History, Legacy & Showmanship
Monday, 12 September 2022 14:20

Across the Stars: Remembering “Attack of the Clones” on its 20th Anniversary

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Attack of the Clones represents George Lucas’ forward-thinking perhaps more than any of his other films. – Stephen Danley, Star Wars at the Movies

The Digital Bits and History, Legacy & Showmanship are pleased to present this retrospective commemorating the 20th anniversary of the release of Attack of the Clones, the second and middle episode in George Lucas’s Star Wars prequel trilogy.

For the occasion of Attack of the Clones’s recent anniversary, The Bits features a multi-page article consisting of a Q&A with a trio of Star Wars historians and enthusiasts who reflect on the film.

It also contains detailed box-office data and statistics, passages from film reviews, and a reference listing of its North American first-run D-Cinema and IMAX presentations. [Read on here...]

Before we begin… In case you missed them or desire a refresher read, this column’s other Star Wars-themed retrospectives include Star Wars 40th anniversary, The Empire Strikes Back 40th anniversary (analysis of the 70mm early cut), The Empire Strikes Back 40th anniversary, The Empire Strikes Back 35th anniversary, Return of the Jedi 35th anniversary, Return of the Jedi 30th anniversary, The Phantom Menace 20th anniversary, and Fanboys 10th anniversary.

George Lucas directs Attack of the Clones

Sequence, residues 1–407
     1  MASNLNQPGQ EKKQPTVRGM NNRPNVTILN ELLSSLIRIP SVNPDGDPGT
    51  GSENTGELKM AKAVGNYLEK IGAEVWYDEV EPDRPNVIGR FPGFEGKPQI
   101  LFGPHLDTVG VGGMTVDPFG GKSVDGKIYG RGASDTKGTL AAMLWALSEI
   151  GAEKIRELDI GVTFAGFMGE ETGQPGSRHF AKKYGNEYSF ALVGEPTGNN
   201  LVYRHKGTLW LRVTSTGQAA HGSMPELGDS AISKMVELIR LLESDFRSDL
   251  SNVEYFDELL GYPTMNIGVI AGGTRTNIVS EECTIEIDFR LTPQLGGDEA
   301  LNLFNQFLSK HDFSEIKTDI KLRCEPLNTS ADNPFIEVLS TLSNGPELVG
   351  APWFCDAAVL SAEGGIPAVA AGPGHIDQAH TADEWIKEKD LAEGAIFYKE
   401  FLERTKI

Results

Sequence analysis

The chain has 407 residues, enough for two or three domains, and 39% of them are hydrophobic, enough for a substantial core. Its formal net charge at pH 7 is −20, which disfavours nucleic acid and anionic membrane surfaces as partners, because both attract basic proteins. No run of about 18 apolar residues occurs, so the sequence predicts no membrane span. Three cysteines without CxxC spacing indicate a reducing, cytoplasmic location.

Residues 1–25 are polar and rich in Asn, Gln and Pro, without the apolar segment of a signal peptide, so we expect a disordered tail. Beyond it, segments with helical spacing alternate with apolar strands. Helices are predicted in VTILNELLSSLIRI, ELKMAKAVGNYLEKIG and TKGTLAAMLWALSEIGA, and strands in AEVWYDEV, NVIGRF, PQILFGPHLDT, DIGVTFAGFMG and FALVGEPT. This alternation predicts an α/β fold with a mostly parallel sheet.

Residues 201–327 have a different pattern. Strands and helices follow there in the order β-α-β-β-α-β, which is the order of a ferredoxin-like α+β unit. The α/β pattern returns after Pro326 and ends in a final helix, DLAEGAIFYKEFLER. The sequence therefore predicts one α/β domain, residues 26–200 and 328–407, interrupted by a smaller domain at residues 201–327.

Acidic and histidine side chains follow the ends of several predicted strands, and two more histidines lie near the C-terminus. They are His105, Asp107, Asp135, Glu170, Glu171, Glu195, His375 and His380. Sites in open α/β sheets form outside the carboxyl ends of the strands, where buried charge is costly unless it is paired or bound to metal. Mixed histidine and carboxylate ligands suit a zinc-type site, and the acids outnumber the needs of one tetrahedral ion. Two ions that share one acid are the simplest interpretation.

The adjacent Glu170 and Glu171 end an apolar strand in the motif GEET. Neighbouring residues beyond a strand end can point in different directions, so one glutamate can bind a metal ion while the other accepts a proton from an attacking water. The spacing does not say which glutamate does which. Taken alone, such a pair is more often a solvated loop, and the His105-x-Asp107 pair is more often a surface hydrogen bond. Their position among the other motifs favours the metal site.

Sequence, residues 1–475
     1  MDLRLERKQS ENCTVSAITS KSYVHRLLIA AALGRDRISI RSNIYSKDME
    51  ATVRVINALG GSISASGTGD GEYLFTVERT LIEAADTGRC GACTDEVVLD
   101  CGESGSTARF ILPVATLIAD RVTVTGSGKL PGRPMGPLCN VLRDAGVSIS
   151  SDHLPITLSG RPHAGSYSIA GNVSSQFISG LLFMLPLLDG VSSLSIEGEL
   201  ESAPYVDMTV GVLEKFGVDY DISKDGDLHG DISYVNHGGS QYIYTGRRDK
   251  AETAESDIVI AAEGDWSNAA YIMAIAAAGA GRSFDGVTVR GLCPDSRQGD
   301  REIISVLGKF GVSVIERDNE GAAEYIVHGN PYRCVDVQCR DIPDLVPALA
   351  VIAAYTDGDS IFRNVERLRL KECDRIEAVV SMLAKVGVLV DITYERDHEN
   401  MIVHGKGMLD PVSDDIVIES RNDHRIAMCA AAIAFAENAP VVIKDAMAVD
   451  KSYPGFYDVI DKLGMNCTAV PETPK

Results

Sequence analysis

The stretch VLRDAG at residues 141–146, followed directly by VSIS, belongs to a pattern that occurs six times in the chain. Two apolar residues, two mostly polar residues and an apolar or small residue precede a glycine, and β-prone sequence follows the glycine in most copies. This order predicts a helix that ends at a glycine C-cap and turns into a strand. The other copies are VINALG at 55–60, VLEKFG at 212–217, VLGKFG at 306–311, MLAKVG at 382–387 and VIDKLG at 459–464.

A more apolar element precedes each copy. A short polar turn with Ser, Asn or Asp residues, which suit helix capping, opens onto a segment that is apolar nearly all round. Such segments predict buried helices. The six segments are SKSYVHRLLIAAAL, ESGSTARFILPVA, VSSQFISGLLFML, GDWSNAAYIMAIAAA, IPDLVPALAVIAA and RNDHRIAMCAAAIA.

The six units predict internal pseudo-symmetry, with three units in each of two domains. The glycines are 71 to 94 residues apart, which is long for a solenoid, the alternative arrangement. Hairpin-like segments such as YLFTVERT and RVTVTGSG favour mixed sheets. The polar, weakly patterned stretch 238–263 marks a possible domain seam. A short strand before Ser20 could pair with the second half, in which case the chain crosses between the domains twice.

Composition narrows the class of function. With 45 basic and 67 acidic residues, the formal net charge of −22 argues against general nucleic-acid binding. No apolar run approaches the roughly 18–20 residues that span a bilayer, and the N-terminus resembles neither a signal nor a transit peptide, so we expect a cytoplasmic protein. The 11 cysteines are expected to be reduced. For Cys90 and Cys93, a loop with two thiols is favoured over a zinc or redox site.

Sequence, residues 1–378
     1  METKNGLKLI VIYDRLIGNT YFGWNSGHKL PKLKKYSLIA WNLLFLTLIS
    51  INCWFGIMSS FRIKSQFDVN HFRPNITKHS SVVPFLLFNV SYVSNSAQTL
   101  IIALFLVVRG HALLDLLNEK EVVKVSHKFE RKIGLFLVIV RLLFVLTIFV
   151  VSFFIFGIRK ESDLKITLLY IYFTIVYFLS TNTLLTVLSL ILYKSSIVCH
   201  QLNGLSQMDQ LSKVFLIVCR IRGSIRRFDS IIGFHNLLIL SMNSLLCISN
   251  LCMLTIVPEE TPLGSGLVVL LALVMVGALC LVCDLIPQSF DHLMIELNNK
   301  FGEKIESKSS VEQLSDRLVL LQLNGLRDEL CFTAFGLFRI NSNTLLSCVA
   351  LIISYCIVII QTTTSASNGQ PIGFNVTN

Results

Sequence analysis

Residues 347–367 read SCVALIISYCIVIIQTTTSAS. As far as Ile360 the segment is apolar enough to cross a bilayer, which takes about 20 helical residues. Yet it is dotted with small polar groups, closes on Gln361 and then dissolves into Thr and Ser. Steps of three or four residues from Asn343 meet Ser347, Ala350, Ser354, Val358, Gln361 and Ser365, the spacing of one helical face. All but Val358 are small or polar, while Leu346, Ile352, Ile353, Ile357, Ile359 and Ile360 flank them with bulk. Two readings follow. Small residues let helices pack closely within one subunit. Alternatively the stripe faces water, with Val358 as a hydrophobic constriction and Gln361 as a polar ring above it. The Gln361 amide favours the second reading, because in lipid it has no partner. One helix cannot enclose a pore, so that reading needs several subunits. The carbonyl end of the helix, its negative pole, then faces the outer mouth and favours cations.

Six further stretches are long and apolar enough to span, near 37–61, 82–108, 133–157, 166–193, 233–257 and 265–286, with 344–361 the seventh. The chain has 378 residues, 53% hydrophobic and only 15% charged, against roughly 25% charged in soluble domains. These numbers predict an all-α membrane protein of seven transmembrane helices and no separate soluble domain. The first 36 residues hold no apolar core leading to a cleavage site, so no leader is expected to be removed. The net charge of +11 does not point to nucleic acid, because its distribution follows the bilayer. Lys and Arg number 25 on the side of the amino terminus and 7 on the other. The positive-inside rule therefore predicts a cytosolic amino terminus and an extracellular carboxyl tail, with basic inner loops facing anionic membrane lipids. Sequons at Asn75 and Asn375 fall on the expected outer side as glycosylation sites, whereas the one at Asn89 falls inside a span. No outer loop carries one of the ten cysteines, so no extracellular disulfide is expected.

EPISODE II NUMBER$

  • 0 = Number of Academy Awards
  • 1 = Number of Academy Award nominations
  • 1 = Rank among top-earning films during opening weekend
  • 2 = Rank among top-earning films released in 2002 (calendar year)
  • 2 = Number of Razzie Awards
  • 2 = Number of weeks North America’s top-grossing movie (weeks 1 and 2)
  • 3 = Rank among top-earning films released in 2002 (legacy / lifetime / retroactive)
  • 4 = Number of days to surpass $100 million
  • 4 = Rank among 20th Century Fox’s all-time top-earning films at end of release
  • 5 = Rank among top-earning movies directed by George Lucas (adjusted for inflation)
  • 6 = Number of months between theatrical and home-video releases
  • 7 = Number of Razzie nominations
  • 10 = Box-office rank among Star Wars movies (adjusted for inflation)
  • 11 = Peak all-time box-office chart position
  • 12 = Number of days to surpass $200 million
  • 13 = Rank among top-earning films produced by Lucasfilm (adjusted for inflation)
  • 16 = Rank among top-earning movies of the 2000s (earnings from 1/1/2000 - 1/2/2010)
  • 33 = Number of weeks movie was in release
  • 55 = Number of Digital Cinema presentations during opening weekend*
  • 58 = Number of IMAX presentations during re-release
  • 100 = Rank on all-time top-grossing films (adjusted for inflation)
  • 104 = Number of days to surpass $300 million
  • 3161 = Number of cinemas playing the movie during its opening weekend
  • $25,317 = Opening weekend per screen average
  • $30.1 million = Opening-day box-office gross (May 16)
  • $31.3 million = Highest single-day gross (May 18, Day 3)
  • $80.1 million = Opening-weekend box-office gross (May 17-19, Days 2-4)
  • $115.0 million = Production cost
  • $189.4 million = Production cost (adjusted for inflation)
  • $310.7 million = Domestic box-office gross (includes IMAX re-issue)
  • $343.1 million = International box-office gross
  • $653.8 million = Worldwide box-office gross
  • $1.1 billion = Worldwide box-office gross (adjusted for inflation)

*established new motion picture industry record

Star Wars: Episode II - Attack of the Clones

 

PASSAGES FROM A SAMPLING OF FILM REVIEWS